Remarkable Results in Multiple Sclerosis Clinical Trial Employing Immune System Ablation and Autologous Stem Cell Transplantation; Clinical Relapses Halted in 23 of 24 Patients for Prolonged Period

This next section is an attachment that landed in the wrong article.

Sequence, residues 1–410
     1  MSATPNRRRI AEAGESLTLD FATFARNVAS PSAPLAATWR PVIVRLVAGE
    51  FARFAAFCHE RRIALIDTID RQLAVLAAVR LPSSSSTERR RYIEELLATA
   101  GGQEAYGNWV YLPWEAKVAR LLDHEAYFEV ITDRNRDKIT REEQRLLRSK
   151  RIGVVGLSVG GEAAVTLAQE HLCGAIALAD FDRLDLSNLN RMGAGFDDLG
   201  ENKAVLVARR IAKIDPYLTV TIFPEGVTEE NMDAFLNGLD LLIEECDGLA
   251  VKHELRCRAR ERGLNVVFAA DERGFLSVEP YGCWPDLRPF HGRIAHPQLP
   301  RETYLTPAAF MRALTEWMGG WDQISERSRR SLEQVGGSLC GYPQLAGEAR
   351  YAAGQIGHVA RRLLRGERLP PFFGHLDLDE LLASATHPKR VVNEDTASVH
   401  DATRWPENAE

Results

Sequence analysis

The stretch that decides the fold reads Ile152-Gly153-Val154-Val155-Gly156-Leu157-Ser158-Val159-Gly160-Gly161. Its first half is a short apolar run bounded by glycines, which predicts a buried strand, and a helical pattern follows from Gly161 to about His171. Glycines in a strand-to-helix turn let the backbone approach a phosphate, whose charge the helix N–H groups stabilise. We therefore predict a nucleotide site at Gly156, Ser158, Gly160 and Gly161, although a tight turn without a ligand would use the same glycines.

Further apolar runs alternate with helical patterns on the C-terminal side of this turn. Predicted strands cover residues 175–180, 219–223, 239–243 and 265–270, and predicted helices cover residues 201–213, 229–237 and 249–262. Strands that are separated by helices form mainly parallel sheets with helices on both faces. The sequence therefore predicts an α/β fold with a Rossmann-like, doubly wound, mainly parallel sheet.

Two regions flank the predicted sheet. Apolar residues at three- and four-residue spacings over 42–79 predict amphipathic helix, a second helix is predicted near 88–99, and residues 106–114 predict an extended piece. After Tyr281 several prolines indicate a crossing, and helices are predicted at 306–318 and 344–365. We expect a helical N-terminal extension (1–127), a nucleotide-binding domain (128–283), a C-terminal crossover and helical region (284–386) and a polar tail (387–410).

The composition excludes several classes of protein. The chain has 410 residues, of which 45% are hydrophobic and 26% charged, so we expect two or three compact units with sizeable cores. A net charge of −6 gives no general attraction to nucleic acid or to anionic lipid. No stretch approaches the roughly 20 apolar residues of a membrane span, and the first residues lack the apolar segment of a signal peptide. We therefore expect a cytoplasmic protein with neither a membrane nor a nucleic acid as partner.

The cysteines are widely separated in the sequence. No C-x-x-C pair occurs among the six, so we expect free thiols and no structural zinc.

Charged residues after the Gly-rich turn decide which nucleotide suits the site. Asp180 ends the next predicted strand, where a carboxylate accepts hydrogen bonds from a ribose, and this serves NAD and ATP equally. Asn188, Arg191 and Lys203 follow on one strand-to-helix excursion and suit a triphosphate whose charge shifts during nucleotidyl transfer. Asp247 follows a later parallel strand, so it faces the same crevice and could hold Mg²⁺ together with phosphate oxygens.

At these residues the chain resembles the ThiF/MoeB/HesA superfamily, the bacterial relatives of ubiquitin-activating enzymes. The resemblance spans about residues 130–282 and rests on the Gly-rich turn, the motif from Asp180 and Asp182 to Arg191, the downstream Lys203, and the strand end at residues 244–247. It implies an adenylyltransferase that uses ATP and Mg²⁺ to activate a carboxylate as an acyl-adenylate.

A new use of chemotherapy followed by autologous hematopoietic stem cell transplantation (aHSCT) has fully halted clinical relapses and development of new brain lesions in 23 of 24 patients with multiple sclerosis (MS) for a prolonged period without the need for ongoing medication, according to results of a new phase 2 clinical trial, published online on June 9, 2026 in The Lancet. The article is titled: “Immunoablation and Autologous Haemopoietic Stem-Cell Transplantation for Aggressive Multiple Sclerosis: A Multicentre Single-Group Phase 2 Trial.” Eight of the 23 patients had a sustained improvement in their disability 7.5 years after treatment. This is the first treatment to produce this level of disease control or neurological recovery from MS, but treatment-related risks limit its widespread use. MS is among the most common chronic inflammatory diseases of the central nervous system, with approximately 2 million people affected worldwide. It is caused when the immune system attacks the body, known as autoimmunity. Some specialist centers offer aHSCT for MS, which involves harvesting bone marrow stem cells from the patient, using chemotherapy to suppress the patient's immune system, and reintroducing the stem cells into the blood stream to "reset" the immune system to stop it attacking the body. However, many patients relapse after these treatments, so more reliable and effective methods are needed. Dr. Harold L. Atkins and Dr. Mark S. Freedman from The Ottawa Hospital and the University of Ottawa, Ottawa, Canada, and colleagues tested whether complete destruction, rather than suppression, of the immune system during aHSCT would reduce the relapse rate in patients and increase long-term disease remission.
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